To compare the waveguide-excited SERS signals to a free-space excitation, we subtract the SiN background and rescale the spectrum to compensate for a total coupling loss (γinγout) of 8 dB. The rationale behind compensating for these coupling losses is a future integration of the spectrometer  and light source  on the chip, eliminating the need for edge-coupling and thus minimizing losses in between components. On a shorter term it is possible to substantially reduce coupling losses by optimizing the waveguide design for a specific coupling geometry. Free-space excited SERS spectra are collected top-down across the same waveguide using a 100x/0.9 NA objective, with the chip placed horizontally under the microscope. This is close to the highest possible etendue using an air objective, and thus results in the strongest possible SERS spectrum collected in free space for this particular SERS substrate. An average spectrum is calculated over the first 2.5 µm of nanotriangle pattern on the waveguide, as this part contributes to over 90% of the waveguide-coupled Raman signal. Figure 5(b) shows both free-space and waveguide excited SERS spectra for a typical waveguide, both having the same shape and approximately equally magnitude. This comparison was made for multiple waveguides on two different chips. The integrated SERS intensity of the 1339 cm−1 peak for each individual nanotriangle-patterned waveguide is shown in Fig. 5(c) for both free-space and waveguide-based excitation. From this data, we conclude that exciting and collecting surface-enhanced Raman spectra through the waveguide is at least as efficient as through the high NA objective. When the guided power in the waveguide equals the power through the objective, an equal amount of Stokes scattered photons is collected by both systems. Note that this does not imply that both the field intensity and collection efficiency are individually identical in both systems. A difference in mode volume and the asymmetry of the nanotriangles on the SiN waveguide can lead to a different excitation or collection efficiency in both systems [25,26].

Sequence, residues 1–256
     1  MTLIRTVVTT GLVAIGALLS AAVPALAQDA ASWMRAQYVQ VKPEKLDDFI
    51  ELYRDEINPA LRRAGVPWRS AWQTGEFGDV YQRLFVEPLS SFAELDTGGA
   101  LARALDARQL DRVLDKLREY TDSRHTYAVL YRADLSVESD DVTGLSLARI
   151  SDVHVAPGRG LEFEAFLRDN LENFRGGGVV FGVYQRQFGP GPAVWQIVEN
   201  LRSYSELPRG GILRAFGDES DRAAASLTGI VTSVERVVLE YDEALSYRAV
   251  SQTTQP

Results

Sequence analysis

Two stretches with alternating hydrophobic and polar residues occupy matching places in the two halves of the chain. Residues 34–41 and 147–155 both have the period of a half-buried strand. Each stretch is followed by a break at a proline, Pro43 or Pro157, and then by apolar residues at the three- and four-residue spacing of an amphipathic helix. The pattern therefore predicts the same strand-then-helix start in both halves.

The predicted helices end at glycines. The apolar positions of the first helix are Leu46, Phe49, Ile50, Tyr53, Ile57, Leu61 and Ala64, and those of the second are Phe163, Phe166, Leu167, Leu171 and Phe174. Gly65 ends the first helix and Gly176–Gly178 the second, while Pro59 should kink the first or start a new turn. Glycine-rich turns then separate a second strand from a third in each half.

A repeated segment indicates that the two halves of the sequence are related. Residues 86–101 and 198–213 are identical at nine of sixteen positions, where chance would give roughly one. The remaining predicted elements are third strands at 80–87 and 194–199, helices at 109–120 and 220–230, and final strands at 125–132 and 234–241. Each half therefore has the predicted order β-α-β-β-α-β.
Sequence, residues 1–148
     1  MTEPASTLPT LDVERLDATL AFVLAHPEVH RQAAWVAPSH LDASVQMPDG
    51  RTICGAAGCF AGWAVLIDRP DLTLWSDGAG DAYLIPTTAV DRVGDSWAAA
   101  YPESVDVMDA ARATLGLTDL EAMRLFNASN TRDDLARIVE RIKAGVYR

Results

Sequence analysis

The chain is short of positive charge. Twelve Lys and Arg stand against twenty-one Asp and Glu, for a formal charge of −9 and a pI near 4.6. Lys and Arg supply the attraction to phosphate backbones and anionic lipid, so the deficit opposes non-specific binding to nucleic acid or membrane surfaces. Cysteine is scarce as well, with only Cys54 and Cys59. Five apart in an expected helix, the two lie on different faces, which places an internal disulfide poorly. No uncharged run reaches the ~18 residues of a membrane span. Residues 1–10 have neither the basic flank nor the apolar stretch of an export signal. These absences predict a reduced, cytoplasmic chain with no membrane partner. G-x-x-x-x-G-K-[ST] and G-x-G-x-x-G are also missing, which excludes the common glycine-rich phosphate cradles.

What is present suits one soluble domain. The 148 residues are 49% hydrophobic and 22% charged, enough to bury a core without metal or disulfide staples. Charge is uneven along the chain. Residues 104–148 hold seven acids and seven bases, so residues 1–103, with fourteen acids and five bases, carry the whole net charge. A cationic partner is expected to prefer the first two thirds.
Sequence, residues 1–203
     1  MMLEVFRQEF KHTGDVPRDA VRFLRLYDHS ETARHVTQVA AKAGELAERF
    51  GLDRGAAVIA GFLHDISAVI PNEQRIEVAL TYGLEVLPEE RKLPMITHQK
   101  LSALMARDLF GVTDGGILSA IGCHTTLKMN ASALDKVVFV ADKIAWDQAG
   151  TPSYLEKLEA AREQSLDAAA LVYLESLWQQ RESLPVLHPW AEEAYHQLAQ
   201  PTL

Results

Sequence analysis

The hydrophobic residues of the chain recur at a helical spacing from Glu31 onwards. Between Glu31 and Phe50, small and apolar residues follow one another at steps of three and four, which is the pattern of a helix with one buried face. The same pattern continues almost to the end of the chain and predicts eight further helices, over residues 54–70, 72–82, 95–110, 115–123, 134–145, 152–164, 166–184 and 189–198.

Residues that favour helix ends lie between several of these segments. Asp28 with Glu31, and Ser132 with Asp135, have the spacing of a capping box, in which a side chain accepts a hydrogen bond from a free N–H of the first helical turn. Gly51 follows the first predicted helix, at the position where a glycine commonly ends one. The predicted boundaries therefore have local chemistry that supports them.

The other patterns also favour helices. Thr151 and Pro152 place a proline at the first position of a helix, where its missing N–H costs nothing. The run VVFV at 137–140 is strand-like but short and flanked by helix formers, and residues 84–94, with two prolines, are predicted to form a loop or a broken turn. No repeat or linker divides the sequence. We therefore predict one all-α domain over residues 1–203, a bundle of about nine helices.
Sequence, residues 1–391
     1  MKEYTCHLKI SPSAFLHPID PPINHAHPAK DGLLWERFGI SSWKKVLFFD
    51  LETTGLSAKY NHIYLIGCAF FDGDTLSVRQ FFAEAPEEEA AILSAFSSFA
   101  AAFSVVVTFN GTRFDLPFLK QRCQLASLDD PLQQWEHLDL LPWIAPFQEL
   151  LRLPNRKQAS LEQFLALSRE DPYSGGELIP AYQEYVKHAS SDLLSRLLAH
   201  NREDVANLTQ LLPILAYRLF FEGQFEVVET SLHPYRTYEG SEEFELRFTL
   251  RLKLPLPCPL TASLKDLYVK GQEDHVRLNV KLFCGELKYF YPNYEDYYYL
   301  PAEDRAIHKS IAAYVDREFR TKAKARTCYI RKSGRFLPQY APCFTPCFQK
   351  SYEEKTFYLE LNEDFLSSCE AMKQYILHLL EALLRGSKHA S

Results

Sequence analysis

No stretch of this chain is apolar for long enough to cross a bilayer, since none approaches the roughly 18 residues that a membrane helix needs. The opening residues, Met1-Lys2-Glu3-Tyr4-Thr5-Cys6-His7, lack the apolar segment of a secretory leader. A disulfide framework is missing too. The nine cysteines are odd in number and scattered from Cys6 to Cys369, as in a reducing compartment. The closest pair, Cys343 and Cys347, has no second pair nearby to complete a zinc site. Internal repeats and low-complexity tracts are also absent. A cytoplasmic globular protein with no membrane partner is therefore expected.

To enable a quantitative comparison with other (future) integrated SERS platforms, we calculate the SERS substrate-enhancement factor for the gold nanotriangle patters as described by Le Ru et al. . The SSEF is defined as the ratio between the average signal per molecule on the SERS substrate and that in a bulk, spontaneous Raman measurement: SSEF=ISERS IRaman × NVol NSurf = ISERS IRaman × Heff ρµAu µNTPAm = (2.5 0.7) ×10